Tuesday, August 20, 2019

Dressage at the Fair

I was thrown for a loop with this show because instead of getting up at O'Dark Thirty, I sat around twiddling my thumbs cleaning out my basement until noon when I finally let myself get moving and head to the barn to bathe and braid. My first test wasn't scheduled until five in the fucking afternoon, with my last ride finishing up just after seven.

Remember how I said dressage is booming up here? Bitches love them some lower level dressage, you guys. I was the second First rider of the day--the show started at 8am and allll the rides before me were Intro and Training.Want to participate in an active dressage community? Come to Western/Central NY! (Only don't because this state is the worst.)

also our weather has no chill. after being in a drought all summer
we got a good two inches of rain in--no shit--about five minutes right
as i was getting ready to get on. good thing dopie lives for swimmies.

We pulled into the fair grounds around three, got unpacked and settled in, and was then informed that rides times had been moved back by twenty minutes. The worst. A friend and I went over to watch some tests and suss out how the horses were handling the coliseum, and she fortunately got intel that we were allowed to enter directly into the ring before the test started as a standard court takes up every inch of the ring and the riders we were watching were sticking to trotting up the long sides and having to turn around without circling the entire court--and therefore passing Satan's Altar the judge's open booth.

First 1

I got on with at most fifteen minutes of warm up time. It was more than enough to touch on everything we needed and head into the ring feeling as ready as we could be while knowing that nothing was going to prepare for the actual atmosphere of the show ring. I was hoping that since he'd shown here before he wouldn't be quite as stupid as he started out last year where he wouldn't go near the judge's stand in either test.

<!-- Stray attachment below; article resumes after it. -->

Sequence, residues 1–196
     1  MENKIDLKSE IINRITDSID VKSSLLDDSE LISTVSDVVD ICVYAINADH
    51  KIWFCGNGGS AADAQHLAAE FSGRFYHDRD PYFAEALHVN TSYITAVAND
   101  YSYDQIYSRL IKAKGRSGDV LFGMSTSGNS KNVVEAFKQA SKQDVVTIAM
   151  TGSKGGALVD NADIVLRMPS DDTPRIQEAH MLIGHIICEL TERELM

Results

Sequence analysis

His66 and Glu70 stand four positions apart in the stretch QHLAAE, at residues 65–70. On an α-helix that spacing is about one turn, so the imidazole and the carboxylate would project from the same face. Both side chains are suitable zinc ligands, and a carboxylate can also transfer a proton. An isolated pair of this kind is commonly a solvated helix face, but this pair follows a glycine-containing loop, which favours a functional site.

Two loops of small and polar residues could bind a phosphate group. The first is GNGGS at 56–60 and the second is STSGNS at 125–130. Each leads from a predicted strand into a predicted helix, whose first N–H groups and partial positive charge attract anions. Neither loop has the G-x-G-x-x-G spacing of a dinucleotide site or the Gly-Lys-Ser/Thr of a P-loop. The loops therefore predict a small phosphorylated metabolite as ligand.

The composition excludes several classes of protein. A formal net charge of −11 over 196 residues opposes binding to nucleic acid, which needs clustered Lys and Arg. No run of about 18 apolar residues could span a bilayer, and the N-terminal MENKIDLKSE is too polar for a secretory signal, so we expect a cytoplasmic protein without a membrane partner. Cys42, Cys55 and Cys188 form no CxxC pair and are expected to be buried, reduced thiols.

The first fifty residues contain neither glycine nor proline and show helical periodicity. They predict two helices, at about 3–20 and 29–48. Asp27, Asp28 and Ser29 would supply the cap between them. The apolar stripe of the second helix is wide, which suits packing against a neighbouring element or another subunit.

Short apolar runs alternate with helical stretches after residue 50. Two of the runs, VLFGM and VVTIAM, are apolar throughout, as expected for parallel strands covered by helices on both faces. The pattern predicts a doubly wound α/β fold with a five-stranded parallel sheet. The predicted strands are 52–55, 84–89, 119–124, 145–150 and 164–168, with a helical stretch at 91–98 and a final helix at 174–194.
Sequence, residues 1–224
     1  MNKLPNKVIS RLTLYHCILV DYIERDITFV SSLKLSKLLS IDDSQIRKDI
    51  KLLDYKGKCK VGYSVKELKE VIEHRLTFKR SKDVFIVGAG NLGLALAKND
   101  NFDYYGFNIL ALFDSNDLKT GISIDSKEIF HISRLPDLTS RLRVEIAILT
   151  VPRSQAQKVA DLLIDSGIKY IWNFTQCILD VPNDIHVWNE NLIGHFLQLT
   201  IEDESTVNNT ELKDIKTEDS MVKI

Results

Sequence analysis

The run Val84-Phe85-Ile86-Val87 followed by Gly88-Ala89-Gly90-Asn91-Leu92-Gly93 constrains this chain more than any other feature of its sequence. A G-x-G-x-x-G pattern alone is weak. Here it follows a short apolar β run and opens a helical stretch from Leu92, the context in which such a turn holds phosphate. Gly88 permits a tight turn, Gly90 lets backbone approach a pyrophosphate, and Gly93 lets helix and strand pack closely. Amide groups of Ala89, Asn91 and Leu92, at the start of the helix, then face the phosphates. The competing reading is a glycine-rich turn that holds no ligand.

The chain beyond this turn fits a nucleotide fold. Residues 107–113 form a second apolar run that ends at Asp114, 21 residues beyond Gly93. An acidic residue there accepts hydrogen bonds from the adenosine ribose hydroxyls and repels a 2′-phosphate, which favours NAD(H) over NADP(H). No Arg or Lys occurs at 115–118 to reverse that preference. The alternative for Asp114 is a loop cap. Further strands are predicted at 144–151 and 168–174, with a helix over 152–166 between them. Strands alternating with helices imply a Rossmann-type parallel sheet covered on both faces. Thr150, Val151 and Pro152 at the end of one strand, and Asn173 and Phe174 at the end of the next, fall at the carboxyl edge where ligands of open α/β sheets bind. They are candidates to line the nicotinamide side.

Yeah, we barely made it out of the chute before he threw on the brakes and tried to spin and leave because he had to pass the letter A.

FEELING FEELINGS

I booted him past it into the ring and made him circle in front of the judge's stand until she blew the whistle. There was a lot of side eye and he was tense AF, but at least he deigned to be in its vicinity this time.


The whole test was tight, tight, tight. He didn't spook, but he was so locked up I could barely steer him. I was super fussy with my hands trying to contain the lurking giraffe just under the surface, and that made him understandably fussy with the contact. Bro doesn't let me get away with any sort of busy hands without calling me out on it loud and clear.

My entire ride was focused on managing him and getting him through without any major mistakes. The second half of his stretchy circle he actually took the stretch for a second and I was like, "Yes! Success! Now he'll take a breath and settle." No, he saw Dopie Things in the distance and lost it. Judge's comment: Minor distraction.

minor distraction is your new show name, dopes.

Usually the canter gives him some forward momentum to propel him out of the stupids, but I had nothing to work with. I tried about two strides of the lengthen before putting the kibosh on it because he instantly locked up and tried to run. I was happy to get the right lead picked up even though the transition was a mess.

Overall most of the comments were "braced" or "tight". One hundred percent accurate, and I was happy to get that test out of the way while feeling optimistic he would come out for the second one much more settled. He ended up with a 64+% for second. The horse that beat us had already done two Training tests so had the advantage there.

relax yo self

The judge was being a rock star and bombing riders through there, ignoring her breaks and giving us just enough time to make a quick tour of the ring while she finished up comments before moving on to the next. I'm sure by her 500th test she was as ready to wrap up this marathon show as much as everyone else. Guys, she judged for twelve hours straight. #beastmode We ended up going in for our second test at our originally scheduled time, and she even ditched her dinner break to get the last block of us through early.